“Call me Liza,” the show business legend and celebrated gay icon declares in her familiar, energetic voice after being greeted as Ms Minnelli.
She is one of only a very few performers who has won the quartet of the entertainment industry’s most celebrated awards — Oscar, Emmy, Tony and Grammy — over a career that spans more than five decades.
Her father is the Oscar-winning director Vincent Minnelli whose films include classics like Gigi, Meet Me in St Louis and An American in Paris. Her mother is Judy Garland, the actress and singer whose 1969 death is widely cited as the spark that began the Stonewall riots. But what self-respecting queer doesn’t know that?
Minnelli made her film debut at the age of two in In the Good Old Summertime starring her mother and Van Johnson. Since then she has starred in more than 20 other films including Arthur, New York, New York and her Academy Award-winning role as Sally Bowles in Cabaret. She has recorded more than 25 albums and worked with a wide range of musical artists, everyone from Frank Sinatra and Charles Aznavour to The Pet Shop Boys and My Chemical Romance.
Fresh off a recent South American tour and her triumphant return to Broadway last December in the acclaimed Liza’s at the Palace, Minnelli is performing in Toronto on Tue, Apr 7 at Roy Thomson Hall.
No stranger to rave reviews, even she was impressed by the notices for her last show. “Oh, it was wonderful, and with those kind of reviews, my God. A dream come true,” she says. “It was amazing. I mean we didn’t really get one bad review.” She says her show in Toronto will be mostly Liza’s at the Palace, “but I’ve thrown in some new stuff, too.”
Despite her devoted following Minnelli does not consider herself a gay icon. “I don’t think about it, you know what I mean? Luckily, I know a lot of gay dancers and writers. In show business there’s a lot of gay and lesbian people and I’m buddies with everybody. I really am.”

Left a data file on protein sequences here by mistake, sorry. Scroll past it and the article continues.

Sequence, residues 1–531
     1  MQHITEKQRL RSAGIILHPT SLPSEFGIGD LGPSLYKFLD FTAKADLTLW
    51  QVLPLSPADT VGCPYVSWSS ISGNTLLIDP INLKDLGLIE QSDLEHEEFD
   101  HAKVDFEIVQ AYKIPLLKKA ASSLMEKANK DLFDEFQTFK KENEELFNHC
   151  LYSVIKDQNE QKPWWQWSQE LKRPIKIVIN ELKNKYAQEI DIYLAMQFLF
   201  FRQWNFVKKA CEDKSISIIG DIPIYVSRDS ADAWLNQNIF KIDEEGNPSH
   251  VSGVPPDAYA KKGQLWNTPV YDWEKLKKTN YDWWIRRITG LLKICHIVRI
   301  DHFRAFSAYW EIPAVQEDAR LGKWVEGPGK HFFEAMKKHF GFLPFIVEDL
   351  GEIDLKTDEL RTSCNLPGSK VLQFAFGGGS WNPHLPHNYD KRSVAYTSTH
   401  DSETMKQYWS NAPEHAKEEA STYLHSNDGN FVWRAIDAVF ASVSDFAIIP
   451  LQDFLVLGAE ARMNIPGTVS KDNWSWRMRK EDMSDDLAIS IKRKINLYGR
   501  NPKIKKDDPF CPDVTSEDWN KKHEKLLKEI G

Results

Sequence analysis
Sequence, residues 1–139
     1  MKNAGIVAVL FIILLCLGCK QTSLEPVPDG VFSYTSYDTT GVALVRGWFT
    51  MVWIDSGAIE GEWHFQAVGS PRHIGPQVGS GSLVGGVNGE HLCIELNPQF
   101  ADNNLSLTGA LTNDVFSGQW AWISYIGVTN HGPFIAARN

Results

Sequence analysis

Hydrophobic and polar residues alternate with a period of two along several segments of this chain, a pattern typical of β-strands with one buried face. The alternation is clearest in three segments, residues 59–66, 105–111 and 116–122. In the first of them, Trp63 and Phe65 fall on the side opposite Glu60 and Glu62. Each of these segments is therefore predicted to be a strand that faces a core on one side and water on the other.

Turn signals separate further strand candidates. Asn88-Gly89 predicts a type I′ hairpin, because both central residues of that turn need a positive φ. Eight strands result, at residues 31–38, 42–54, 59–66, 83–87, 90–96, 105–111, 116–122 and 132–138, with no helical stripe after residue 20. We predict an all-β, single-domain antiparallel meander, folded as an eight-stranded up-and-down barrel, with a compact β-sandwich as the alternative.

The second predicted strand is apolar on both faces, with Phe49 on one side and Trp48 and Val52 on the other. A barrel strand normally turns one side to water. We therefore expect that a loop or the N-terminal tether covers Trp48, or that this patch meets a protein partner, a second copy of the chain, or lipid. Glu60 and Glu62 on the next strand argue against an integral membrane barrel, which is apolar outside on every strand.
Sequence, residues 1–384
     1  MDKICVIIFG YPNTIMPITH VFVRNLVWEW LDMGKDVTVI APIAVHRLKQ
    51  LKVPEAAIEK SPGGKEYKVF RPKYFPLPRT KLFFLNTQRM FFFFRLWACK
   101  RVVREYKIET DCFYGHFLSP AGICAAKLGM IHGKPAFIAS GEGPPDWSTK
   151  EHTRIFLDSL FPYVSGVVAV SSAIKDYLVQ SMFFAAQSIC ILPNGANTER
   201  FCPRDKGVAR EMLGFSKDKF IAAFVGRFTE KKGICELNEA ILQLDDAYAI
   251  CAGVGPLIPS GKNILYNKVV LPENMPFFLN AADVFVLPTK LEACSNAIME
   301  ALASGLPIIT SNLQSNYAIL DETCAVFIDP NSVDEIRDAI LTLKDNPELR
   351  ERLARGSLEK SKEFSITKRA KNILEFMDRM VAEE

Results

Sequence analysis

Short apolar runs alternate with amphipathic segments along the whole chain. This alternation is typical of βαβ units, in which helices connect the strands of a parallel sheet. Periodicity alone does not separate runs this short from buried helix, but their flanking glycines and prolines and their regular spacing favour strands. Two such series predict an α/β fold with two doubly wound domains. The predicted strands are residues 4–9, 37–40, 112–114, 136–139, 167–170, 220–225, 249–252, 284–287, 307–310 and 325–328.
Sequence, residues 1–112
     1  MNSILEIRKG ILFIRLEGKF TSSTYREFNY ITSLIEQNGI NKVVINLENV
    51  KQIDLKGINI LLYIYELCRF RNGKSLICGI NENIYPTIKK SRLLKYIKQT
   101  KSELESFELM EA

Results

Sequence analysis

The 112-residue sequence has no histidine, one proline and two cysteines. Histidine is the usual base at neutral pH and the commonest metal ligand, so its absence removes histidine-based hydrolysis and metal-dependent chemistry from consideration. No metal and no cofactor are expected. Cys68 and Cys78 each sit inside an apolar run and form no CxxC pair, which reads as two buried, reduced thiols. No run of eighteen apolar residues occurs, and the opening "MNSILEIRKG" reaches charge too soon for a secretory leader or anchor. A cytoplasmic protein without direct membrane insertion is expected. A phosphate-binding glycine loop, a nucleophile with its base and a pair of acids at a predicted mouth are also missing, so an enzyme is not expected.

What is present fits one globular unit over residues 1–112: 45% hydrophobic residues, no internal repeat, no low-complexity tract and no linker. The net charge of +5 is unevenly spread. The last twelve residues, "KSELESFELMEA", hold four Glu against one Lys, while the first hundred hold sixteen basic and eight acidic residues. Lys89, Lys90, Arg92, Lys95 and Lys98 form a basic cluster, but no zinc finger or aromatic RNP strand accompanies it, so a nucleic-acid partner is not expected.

When not working Minnelli keeps busy. “I always go to see almost everything. I go to plays, to clubs and see what new performers there are, singers, pianists and off-Broadway shows and things like that. I have a huge interest.
“There are lots of wonderful actors and actresses and new directors that I would like to work with,” she says. “I never name names because then it separates somebody from somebody else and it’s not real polite.
“I think my biggest talent is finding people who are more talented than I am,” she says, “and then working with them. Like Ron Lewis, my director, my choreographer [on Liza’s at the Palace]. I’ve worked with him since 1970 and he has won me a couple of Tonys. He’s just the greatest.
“I saw one of his shows and I thought, ‘I have to work with this man.’ This was in the ’60s, right. It took me four years before I could get him to work with me. I had to keep auditioning,” she says, laughing, “but I stuck to it.”
Minnelli, who just turned 63, says she is feeling “great, absolutely superb. Thank you so much for asking.” Over her career she has had a number of prolonged and dramatic health concerns, everything from alcohol and drug addiction to hip replacement surgeries and a near fatal bout of encephalitis in 2000.
“I’m getting used to it, or trying to,” she says referring to her age, laughing. “I don’t know what it is, but I don’t feel it.”
At this stage in her career you might think she has nothing left to accomplish. Minnelli disagrees. “I want to do everything again and better.”